The Lottery by Jane Jackson

Lottery is a form of gambling in which people purchase a ticket for a chance to win a prize. It is a common practice in many countries and has generated billions of dollars. It is often used as a method of funding public projects and social services. However, it can also be used for private gain. Lottery is a game of chance and the odds are very low. Those who play the lottery are aware of the risk and are willing to take it for the chance of winning.

Lotteries can be used as a means of allocating limited resources, such as kindergarten placements at a reputable school or units in a subsidized housing block. They can also dish out cash prizes to paying participants. The financial lottery, in which players pay for a group of numbers and have machines randomly spit them out, is the most popular and well-known example. However, the lottery tradition is much older and has been used by both ancient civilizations and religious communities.

Jackson utilizes various characterization methods throughout The Lottery. Her use of the children to begin the story is an obvious one. She states that the children assemble first, “of course” (Jackson 1). Their excitement to be a part of the event is clear from their words and actions.

The fact that the head of every family draws a slip of paper that can determine a member of their community’s death is another way in which Jackson reveals character traits. Mrs. Delacroix is a strong-minded and determined woman. She is not afraid to voice her opinion and she has a quick temper. Her action of picking a rock that is so big that she can’t hold it with two hands expresses these qualities.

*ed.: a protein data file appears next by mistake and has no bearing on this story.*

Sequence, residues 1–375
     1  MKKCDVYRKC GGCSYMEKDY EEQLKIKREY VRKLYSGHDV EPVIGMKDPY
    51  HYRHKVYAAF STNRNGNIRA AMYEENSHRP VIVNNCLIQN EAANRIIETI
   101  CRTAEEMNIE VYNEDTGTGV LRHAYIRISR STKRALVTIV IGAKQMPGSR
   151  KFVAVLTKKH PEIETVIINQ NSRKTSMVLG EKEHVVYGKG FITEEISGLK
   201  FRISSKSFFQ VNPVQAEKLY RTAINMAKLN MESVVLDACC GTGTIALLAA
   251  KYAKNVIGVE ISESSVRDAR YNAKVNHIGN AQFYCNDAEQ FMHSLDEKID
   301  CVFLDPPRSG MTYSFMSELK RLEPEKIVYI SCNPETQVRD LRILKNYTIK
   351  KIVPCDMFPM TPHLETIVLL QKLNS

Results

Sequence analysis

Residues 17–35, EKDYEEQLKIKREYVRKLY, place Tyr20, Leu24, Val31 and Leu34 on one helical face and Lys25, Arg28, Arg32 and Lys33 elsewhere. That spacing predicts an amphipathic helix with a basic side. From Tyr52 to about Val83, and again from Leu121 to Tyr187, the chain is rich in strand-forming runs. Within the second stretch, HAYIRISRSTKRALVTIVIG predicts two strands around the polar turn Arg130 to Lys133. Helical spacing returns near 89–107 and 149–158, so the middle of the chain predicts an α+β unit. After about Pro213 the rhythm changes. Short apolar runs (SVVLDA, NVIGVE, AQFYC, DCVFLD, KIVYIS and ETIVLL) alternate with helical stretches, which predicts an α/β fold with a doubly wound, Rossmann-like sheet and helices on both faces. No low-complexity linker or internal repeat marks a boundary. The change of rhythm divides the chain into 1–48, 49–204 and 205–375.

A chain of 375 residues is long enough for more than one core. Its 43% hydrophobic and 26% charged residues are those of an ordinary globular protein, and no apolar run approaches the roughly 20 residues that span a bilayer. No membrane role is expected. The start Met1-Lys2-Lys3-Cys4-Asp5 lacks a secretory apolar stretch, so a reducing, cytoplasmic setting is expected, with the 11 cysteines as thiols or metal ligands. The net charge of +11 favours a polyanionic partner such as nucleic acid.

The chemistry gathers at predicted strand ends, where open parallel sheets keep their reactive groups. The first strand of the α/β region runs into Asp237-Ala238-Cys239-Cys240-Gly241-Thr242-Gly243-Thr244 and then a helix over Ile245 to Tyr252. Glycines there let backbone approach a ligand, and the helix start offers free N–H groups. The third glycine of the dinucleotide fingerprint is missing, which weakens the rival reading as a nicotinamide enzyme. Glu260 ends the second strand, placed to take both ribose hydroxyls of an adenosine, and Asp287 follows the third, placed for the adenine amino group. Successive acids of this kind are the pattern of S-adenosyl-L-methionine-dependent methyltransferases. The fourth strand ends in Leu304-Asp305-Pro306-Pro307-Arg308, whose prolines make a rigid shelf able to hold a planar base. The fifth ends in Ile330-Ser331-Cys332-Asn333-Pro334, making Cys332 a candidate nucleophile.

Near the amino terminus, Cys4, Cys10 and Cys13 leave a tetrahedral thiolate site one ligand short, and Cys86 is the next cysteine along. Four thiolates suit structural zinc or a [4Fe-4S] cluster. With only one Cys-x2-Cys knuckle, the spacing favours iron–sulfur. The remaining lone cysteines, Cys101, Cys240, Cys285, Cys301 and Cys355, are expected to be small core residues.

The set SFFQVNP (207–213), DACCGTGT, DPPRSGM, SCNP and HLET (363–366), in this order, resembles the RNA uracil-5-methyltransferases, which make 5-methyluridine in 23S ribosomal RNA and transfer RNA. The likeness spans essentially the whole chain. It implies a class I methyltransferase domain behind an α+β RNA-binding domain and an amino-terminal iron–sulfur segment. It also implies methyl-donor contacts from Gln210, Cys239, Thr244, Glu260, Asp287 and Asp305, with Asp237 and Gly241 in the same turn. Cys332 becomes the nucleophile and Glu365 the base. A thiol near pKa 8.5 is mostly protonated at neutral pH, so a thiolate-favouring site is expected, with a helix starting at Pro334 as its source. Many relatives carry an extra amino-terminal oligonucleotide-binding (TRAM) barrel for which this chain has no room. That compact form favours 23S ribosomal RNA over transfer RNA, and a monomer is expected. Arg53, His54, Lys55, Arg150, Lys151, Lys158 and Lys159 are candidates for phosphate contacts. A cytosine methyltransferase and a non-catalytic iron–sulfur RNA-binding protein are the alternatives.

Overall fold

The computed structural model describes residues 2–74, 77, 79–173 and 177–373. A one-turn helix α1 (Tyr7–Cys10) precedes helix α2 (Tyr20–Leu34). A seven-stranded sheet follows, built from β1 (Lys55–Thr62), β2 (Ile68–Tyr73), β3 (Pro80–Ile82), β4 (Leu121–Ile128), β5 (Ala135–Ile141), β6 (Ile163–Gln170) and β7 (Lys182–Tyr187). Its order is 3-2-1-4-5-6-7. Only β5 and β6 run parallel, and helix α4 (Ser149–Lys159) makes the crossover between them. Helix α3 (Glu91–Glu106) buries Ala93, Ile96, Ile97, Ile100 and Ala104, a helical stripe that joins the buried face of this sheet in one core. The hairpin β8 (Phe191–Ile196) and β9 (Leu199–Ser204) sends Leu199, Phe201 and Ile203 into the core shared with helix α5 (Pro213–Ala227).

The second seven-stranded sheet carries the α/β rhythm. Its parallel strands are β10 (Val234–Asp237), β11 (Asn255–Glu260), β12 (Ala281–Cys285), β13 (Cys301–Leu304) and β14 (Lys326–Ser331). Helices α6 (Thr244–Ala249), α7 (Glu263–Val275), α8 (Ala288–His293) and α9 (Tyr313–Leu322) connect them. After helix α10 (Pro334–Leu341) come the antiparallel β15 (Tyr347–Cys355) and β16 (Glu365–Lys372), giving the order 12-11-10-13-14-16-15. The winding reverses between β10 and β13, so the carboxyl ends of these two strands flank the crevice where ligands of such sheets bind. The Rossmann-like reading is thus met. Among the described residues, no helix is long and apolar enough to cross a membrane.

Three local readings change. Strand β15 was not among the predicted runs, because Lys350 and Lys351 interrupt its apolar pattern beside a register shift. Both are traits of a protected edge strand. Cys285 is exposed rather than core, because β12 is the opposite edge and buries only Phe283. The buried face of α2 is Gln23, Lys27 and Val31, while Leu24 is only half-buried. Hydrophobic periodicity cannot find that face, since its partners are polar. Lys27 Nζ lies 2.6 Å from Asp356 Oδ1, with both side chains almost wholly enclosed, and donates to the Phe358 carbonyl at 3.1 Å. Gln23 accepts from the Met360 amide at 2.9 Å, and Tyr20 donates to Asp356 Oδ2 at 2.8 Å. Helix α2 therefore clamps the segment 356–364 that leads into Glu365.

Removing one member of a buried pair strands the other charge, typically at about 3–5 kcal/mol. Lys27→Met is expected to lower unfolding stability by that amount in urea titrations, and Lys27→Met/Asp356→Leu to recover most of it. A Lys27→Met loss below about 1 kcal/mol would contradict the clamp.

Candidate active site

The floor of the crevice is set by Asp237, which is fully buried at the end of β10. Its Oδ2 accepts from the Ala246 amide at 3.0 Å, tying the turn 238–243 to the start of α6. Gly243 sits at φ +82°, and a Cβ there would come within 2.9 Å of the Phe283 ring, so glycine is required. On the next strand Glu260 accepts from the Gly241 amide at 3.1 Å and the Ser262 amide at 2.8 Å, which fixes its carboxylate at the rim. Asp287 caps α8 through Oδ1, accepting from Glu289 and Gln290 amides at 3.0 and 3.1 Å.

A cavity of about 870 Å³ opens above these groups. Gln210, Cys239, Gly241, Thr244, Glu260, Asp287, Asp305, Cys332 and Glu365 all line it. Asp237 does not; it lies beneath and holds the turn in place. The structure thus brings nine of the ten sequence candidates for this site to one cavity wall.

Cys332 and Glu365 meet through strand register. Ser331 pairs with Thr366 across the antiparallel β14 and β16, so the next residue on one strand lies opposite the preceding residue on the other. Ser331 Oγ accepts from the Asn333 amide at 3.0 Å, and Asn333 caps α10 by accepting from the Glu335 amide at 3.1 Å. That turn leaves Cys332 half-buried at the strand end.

In the story, lottery day is a time for community members to come together and celebrate their luck. This event is also a time for the community to collectively murder one of their members. The heads of each household select a slip of paper from a box that contains all the entries, except one with a black spot. If the person selected dies, they will draw again for a new winner.

While defenders of the lottery argue that it is a tax on stupid people, this argument is flawed. While it is true that some people don’t understand how unlikely it is to win, the fact is that the lottery is a product of state economic policy. It is a solution to a fiscal crisis, and its popularity has increased as incomes have fallen and unemployment has risen. In addition, lottery advertising has been heavily marketed in poorer, predominantly minority neighborhoods. This has made the odds even more inscrutable for the average player. As a result, the number of states that offer a lottery has skyrocketed over the past 40 years. This is due to the increasing competition for revenue from lottery proceeds. As a result, the prize amounts have grown as well.